Joy, heartbreak, redemption, deception… love stories are complicated.
By Jessica Dukes
Valentine’s Day is one of those holidays that you either love or love to hate. For the lovebirds, we rounded up our favorite stories to prove that love can conquer all. Single and happy? We’ve got some recommended reading that will make you feel sublime about the solo life.
Love Will Find a Way
Americanah by Chimamanda Ngozi Adichie
Perhaps one reason that Americanah has won so many awards is this: We can’t remember the last time we so desperately wanted two characters to be together. Ifemelu and Obinze, very much in love, leave Nigeria but land with an ocean between them, in the U.S. and London. Race, immigration, the American Dream—the issues pile on their fractured hearts and threaten to break them. Will they ever make it back into each other’s arms?
Beautiful Ruins by Jess Walter
What’s more romantic than a young Italian innkeeper falling in love (at first sight, of course) with a visiting Hollywood starlet? Well, his 50-year search for her when she mysteriously disappears, for one. Pasquale conquers no less than time and space to find his first and unrequited love, but when he discovers the truth, everyone has some difficult decisions to make. Full of silver-screen lore and sweeping Italian landscapes, Beautiful Ruins is the love story that we never want to end.
The Snow Child by Eowyn Ivey
Mabel and Jack, homesteaders in Alaska, are in their 50s and have lived with years of disappointment and anger at never having children. Now, this pain has boiled to the surface and threatens to destroy their marriage. One evening, in a rare moment of togetherness, they bound outside into the snow and build a snow-child. The next morning, the sculpture is missing, but a real child has appeared. Suspending disbelief, they adopt the girl and prepare for the family life they crave, even as they secretly wonder if it will last. Dear reader, we’re so sorry, but we can’t reveal another precious detail of this beautiful love story.
The Odds by Stewart O’Nan
What if the rest of your life—your retirement, your marriage, your home—depended on the outcome of a single, desperate act? The Fowlers, barely clenching the end of their rope, plan a Valentine’s Day getaway to a Niagara Falls casino with a not-very-romantic plan: gamble everything they have to save it all. The Odds is a small book full of quiet moments, but the tension packed inside is gigantic.
Less by Andrew Sean Greer (2018 Pulitzer Prize winner)
Arthur Less, a successful writer, panics when he receives an invitation to his ex-boyfriend’s wedding. He can’t go, but skipping it would make him look pathetically still in love. Instead, Arthur concocts an air-tight excuse: a world-wide tour, thanks to the mountain of invitations he has received to literary events. It’s a wild and adventurous distraction, but coming home is what Less needs the most. Sometimes the decision to be single is made for you, and sometimes the gift of true love is a surprise, too.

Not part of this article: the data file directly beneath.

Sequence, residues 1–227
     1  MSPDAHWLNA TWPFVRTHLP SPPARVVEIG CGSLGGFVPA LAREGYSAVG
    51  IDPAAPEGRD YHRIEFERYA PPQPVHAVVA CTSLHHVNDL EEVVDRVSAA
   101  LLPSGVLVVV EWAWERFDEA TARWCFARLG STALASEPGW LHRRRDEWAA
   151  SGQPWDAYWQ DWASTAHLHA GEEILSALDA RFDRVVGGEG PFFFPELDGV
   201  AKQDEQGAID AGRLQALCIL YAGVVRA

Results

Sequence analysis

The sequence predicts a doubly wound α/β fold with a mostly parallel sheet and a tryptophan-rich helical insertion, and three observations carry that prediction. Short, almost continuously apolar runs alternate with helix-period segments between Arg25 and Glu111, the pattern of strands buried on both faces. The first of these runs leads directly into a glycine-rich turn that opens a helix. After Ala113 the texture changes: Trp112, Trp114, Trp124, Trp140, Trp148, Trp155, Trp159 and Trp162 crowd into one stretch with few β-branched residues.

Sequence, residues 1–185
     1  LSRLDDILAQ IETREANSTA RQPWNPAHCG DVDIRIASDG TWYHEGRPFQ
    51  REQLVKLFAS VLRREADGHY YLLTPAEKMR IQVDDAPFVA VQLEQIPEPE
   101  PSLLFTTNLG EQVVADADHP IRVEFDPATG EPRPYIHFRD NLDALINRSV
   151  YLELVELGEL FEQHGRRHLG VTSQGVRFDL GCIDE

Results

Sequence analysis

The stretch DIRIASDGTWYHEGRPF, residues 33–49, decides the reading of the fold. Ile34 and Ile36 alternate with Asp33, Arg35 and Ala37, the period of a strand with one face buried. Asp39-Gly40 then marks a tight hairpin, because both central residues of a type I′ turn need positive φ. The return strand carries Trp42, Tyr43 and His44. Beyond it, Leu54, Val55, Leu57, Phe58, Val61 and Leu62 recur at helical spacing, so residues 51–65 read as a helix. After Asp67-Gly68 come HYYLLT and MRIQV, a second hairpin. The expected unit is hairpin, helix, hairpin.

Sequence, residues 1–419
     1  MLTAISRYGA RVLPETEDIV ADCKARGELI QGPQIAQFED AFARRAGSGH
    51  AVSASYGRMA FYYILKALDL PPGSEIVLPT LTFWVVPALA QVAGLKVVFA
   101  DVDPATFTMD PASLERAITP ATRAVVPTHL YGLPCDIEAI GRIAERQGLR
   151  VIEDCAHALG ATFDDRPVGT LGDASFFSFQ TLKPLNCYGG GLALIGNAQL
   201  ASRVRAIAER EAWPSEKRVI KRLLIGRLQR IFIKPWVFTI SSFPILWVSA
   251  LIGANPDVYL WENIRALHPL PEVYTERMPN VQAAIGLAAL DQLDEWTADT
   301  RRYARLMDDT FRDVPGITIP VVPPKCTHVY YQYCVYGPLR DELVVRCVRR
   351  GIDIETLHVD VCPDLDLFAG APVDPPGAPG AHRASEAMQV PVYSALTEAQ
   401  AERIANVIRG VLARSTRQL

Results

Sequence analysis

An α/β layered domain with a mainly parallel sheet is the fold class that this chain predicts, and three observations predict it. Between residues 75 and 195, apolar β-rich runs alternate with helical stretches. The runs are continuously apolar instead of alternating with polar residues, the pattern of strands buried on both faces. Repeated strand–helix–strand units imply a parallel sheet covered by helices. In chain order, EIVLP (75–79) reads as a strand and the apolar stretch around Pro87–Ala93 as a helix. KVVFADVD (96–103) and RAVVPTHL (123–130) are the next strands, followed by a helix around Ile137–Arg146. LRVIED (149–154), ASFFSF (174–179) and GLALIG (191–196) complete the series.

If Beale Street Could Talk by James Baldwin
Tish and Fonny are in love and expecting a baby, but the world is dead set against their happiness. Fonny is charged with a crime he didn’t commit and it will take a staggering effort to gain his freedom—but Tish and Fonny’s families vow to soldier on until the real story comes to light. This Valentine’s Day, it’s a reminder that hard-won love is the most precious of all.
Read more: 2019 Oscar-nominated Movies Based on Books
Better Off Single
The Wife by Meg Wolitzer
In a strong marriage, spouses often take turns making sacrifices to help the other’s dreams come true. For Joan, hers has been a 40-year sacrifice with no reward, until now. As the book opens, she has decided to end her marriage to a very successful author. The story rewinds to the couple’s beginning and then brings us back to an incredible twist.
A Separation by Katie Kitamura
Infidelity is a common reason for couples to separate, but this wife’s husband disappears before they can even announce their separation, much less sign divorce papers. When her in-laws suspect foul play and ask her to travel to Greece to look for him, she feels she can’t refuse. As she keeps the separation a secret, what she finds is more horrific than anyone imagined.
The Days of Abandonment by Elena Ferrante
Abandoned by her husband, suddenly a single mother to two children, Olga spirals out of control. Everything goes wrong: Ailing children, crippling insomnia, and embarrassing run-ins with her ex-husband are just the beginning. At rock bottom, she finds herself trapped in her own home, unable to unlock the doors, and her sick dog dies. Fortunately, Olga’s tornado of a life subsides, the skies clear, and she slowly learns how to be herself again. A great read if you’re reeling from a painful breakup.
Super Sad True Love Story by Gary Shteyngart
Believe the title: This is truly a super-sad love story. The U.S. is on the verge of complete financial collapse, people are rioting in Central Park, and there could not be a worse time for 40-year-old Lenny and 24-year-old Eunice to fall in love. Can they overcome the impersonal wall of technology between them? Can they make it out of NYC before it’s too late? Should a love like theirs exist in these absurd conditions? Most importantly, is love even a thing anymore?